I Am Challenging The Unconscious Gender Bias In STEM Fields

I Am Challenging The Unconscious Gender Bias In STEM Fields

When Women Are Steered Away From STEM
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Something you see a lot of articles about is women in STEM fields. STEM stands for science, technology, engineering and math, and generally encompasses any career that’s “techy.” Generally, you see a lot of articles about the underrepresentation of women in STEM. According to research from the US Bureau of Labor Statistics, women are 48% of the workforce, yet only about 24% of STEM jobs. As a girl who’s been active in STEM, namely engineering focused, I think that this needs to be changed.

A lot of the discouragement that females face is mostly unconscious, things we don’t even realize is happening. Google images for “engineer,” you only see stock photos of men building buildings, working with tools, or overseeing work sites. If you are a young girl, you don’t see people who look like you. Studies show that not being able to identify with someone or something discourages interest. As girls show more interest in STEM in middle or high school, the discouragement from either peers or superiors only grows. In high school, I was on an all-girls robotics team, the largest and most decorated girls’ team in the world. However, when we placed second at a very competitive regional, the adult mentor of another team who didn’t place told us “not bad for a couple of Girl Scouts.” When I went to an engineering camp, I was one of three girls in our fifteen person group. When I was chosen to lead the group in the simple task of building wooden gliders, the majority of the boys questioned my every move or didn’t listen. When we repeated the task a few days later, this time with one of the guys leading it, I had never seen a more cooperative group of boys. When the group was building a shed, the guys automatically gave us three girls the jobs of painting or getting supplies, or would either refuse our help or take the tools away, saying “Oh we got this” or “It’s ok, I can do it.” I could have learned so much more if I could have helped more. I still enjoyed the camp, but sometimes I wonder how much more I could have done.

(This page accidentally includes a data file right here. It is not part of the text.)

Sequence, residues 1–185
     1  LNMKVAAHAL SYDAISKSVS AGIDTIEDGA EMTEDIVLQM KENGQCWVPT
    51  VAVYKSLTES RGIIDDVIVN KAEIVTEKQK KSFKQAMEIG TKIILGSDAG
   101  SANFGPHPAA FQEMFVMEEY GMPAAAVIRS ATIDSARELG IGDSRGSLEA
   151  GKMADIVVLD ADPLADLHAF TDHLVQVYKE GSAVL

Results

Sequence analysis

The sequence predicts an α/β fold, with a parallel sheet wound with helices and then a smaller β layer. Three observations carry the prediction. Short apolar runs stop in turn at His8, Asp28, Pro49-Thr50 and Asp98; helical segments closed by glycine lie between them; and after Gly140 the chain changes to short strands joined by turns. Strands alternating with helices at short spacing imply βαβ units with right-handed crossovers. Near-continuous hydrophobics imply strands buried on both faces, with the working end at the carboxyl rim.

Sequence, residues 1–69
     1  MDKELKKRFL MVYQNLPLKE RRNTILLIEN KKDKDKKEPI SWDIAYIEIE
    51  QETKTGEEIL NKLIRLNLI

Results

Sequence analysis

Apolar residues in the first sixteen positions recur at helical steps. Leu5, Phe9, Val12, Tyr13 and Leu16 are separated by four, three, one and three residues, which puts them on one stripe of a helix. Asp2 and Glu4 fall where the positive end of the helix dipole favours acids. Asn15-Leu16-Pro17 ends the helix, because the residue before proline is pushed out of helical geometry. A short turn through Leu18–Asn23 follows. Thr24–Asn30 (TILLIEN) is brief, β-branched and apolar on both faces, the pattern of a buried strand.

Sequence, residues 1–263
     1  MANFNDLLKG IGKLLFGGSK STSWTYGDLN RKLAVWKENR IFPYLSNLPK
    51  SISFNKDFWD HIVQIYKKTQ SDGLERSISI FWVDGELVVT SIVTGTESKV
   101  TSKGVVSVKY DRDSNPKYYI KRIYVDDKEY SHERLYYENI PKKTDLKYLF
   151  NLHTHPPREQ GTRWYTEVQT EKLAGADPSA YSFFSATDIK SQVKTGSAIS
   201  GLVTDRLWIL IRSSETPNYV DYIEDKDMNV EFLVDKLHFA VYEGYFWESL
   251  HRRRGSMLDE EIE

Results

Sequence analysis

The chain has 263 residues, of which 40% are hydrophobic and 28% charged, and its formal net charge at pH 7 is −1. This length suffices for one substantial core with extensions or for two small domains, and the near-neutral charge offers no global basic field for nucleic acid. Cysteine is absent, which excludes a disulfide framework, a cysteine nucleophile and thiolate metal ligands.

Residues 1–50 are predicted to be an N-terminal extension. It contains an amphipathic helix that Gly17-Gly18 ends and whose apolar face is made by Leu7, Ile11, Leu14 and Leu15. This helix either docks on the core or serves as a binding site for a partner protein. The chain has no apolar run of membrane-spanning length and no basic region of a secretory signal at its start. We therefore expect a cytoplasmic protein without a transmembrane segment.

I fully understand that this will never change if people just complain. However, many men asked about gender bias in STEM don’t believe that the discrimination exists. Even with countless reports. This problem boils down to an “I don’t experience it, therefore it must not be real” or “I don’t discriminate, I’m sure the people I work with don’t” mindset. The unconscious bias leads to underestimation of female colleagues, rejecting a resume with a female name yet accepting the same resume with a male name, or pushing stereotypes on young children. “That’s for boys.” “You can’t use the blocks, you’re a girl.” The gap is narrowing, however, as more parents are more conscious of “boy toys” or letting their children play with both dolls and cars. This gap will not vanish until there is a culture shift among the older generations. Women are still seen as less professional, and the same characteristics that let men be termed “a strong leader” or “authoritative” are often labeled in women as “bossy”, “naggy” or even “she’s a b*tch.” The only thing for us to do is know and trust our own worth, and find others who value our intelligence too.

I am an engineer. Sure, I’m not a very good one yet. But I love messing with how things work too much to stop now. There is no true picture of what an engineer looks like.

Cover Image Credit: Kanchan Potter

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To The Friends I Won't Talk To After High School

I sincerely hope, every great quality I saw in you, was imprinted on the world.
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Hey,

So, for the last four years I’ve seen you almost everyday. I’ve learned about your annoying little brother, your dogs and your crazy weekend stories. I’ve seen you rock the awful freshman year fashion, date, attend homecoming, study for AP tests, and get accepted into college.

Thank you for asking me about my day, filling me in on your boy drama and giving me the World History homework. Thank you for complimenting my outfits, laughing at me presenting in class and listening to me complain about my parents. Thank you for sending me your Quizlets and being excited for my accomplishments- every single one of them. I appreciate it all because I know that soon I won’t really see you again. And that makes me sad. I’ll no longer see your face every Monday morning, wave hello to you in the hallways or eat lunch with you ever again. We won't live in the same city and sooner or later you might even forget my name.